B.C. technicians claim top spot at semi-finals of Volvo’s Vista competition
April 4, 2013
PRINCE GEORGE, B.C. -- Service technicians from Babine Truck and Equipment of Prince George, B.C. have earned first place at the 2012-2013 Volvo Trucks North American Vista World Championship semi-finals.
(From left to right): Tyler Kronebusch, Dan Orser, Clarence Oosterhoff and Matthew Giesbrecht from Babine Truck and Equipment of Prince George, B.C. earned first place at the 2012-2013 Volvo Trucks North American Vista World Championship semifinals.
PRINCE GEORGE, B.C. — Service technicians from Babine Truck and Equipment of Prince George, B.C. have earned first place at the 2012-2013 Volvo Trucks North American Vista World Championship semi-finals.
Conducted every two years, the competition recognizes technician excellence among Volvo dealer service personnel. By finishing first, Babine Truck and Equipment claims a spot among the best 32 teams in the world and will compete at the VISTA World Finals June 25 in Gothenburg, Sweden.
Members of the winning team – Tyler Kronebusch, Dan Orser, Matthew Giesbrecht and Clarence Oosterhoff – out-performed 208 other teams representing Volvo dealers across North America. All four members of the Babine team are Volvo Master Technicians, the highest level of certification for service technicians. Master technicians typically have more than two years of work experience, more than 115 hours of training and have completed a series of tests to achieve and maintain the status.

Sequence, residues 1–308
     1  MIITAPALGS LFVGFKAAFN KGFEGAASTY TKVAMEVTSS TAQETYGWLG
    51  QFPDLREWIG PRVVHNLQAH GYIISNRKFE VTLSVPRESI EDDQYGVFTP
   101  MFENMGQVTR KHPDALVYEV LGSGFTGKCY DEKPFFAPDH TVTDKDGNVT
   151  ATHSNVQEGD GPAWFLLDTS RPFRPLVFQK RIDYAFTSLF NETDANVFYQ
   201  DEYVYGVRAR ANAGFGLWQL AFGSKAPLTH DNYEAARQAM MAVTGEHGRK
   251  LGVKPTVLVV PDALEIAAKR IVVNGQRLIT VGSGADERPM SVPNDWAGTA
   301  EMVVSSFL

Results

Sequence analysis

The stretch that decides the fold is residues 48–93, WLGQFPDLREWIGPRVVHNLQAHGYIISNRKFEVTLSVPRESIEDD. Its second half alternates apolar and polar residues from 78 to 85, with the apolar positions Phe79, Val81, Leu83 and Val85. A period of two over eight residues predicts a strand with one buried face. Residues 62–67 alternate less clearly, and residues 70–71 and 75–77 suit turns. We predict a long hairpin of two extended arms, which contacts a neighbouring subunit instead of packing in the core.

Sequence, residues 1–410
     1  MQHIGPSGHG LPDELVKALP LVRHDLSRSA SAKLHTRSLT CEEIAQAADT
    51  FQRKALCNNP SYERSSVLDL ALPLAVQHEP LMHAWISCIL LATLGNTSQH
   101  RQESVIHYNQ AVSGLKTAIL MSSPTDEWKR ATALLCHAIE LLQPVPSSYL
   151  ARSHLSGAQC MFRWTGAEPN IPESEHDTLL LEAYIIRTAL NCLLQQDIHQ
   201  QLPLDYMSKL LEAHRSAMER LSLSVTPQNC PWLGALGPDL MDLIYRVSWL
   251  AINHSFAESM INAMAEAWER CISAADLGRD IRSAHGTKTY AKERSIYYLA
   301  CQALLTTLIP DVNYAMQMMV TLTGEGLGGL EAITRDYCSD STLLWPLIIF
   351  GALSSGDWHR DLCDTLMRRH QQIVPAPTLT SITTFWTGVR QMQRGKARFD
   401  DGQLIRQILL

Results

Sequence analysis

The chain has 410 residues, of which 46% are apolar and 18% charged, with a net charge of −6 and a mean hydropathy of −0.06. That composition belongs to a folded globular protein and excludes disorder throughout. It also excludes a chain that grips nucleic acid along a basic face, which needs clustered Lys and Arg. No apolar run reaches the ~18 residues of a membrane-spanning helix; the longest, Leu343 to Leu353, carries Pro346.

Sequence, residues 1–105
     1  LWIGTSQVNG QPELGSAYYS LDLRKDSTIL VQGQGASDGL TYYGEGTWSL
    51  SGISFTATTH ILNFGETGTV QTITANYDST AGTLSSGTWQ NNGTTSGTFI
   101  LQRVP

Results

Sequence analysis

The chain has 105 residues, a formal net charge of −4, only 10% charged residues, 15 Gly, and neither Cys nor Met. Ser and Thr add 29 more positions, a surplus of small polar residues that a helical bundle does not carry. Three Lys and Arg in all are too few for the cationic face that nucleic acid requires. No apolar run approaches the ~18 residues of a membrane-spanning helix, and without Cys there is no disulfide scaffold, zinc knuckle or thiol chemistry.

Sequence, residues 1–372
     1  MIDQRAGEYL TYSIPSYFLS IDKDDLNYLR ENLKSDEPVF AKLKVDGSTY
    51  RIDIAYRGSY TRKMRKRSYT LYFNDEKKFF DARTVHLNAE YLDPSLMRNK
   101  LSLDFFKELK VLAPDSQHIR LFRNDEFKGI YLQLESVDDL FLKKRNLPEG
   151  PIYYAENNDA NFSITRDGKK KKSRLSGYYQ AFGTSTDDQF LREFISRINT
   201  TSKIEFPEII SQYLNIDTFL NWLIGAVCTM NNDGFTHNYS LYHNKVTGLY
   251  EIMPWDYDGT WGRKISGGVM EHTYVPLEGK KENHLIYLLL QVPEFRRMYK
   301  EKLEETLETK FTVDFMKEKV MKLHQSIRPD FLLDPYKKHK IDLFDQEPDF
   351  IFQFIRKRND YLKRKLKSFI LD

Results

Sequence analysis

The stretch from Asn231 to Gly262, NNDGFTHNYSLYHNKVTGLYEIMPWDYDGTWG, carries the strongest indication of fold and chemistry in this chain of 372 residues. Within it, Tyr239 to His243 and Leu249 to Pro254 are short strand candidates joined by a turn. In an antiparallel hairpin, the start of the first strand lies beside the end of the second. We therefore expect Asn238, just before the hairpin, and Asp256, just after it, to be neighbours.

The 2012-2013 Vista competition – which stands for Volvo International Service Training Award – began in August and included three rounds of online competition involving technical questions. The field was narrowed to five teams of finalists from the US and Canada which travelled to Volvo Trucks’ North American headquarters in Greensboro, N.C. for the final round. The other finalists represented M & K Quality Truck Sales from Byron Center, Mich., Burr Truck and Trailer Sales of Vestal, N.Y., Truck Enterprises from Harrisonburg, Va. and Mobile Fleet Service of Yakima, Wash.
In Greensboro, the finalists were tested on their knowledge of service and parts literature and ability to look up parts and service information within the Volvo system. Contestants also had to troubleshoot pre-determined faults placed on two Volvo trucks and a Volvo D13 engine.
Volvo officials note that participation in the competition requires a significant dedication of time and effort, with each of the five finalist teams investing up to 34 hours of additional service training throughout the process.
The best preparation for the competition, according to Babine’s Matthew Giesbrecht “is doing our everyday jobs. We have to be keen and aware of every truck that comes into our shop, diagnose the issue, fix it to the best of our ability and get the customer satisfied.”
“The competition has been a great team-building experience, creating a lot of unity within our team and the dealership,” Giesbrecht said. “It’s good to have a team of really accomplished individuals that can do their job and work well under pressure.”
This year’s competition was the largest yet, with a 70% increase in dealership participation compared with the 2011 event.
“The high level of participation in the 2012-2013 competition is a real win for technicians, dealers and customers,” said Göran Nyberg, president of Volvo Trucks North American sales and marketing. “The Vista competition boosts training, builds knowledge and strengthens teams, which ultimately improves the customer experience.”
The biennial Vista competition began as a national event in Scandinavia in 1957 and expanded to a global event in 1977. The competition is open to all aftermarket employees in the service network. This year 16,710 people forming 4,391 teams from 93 countries participated worldwide.
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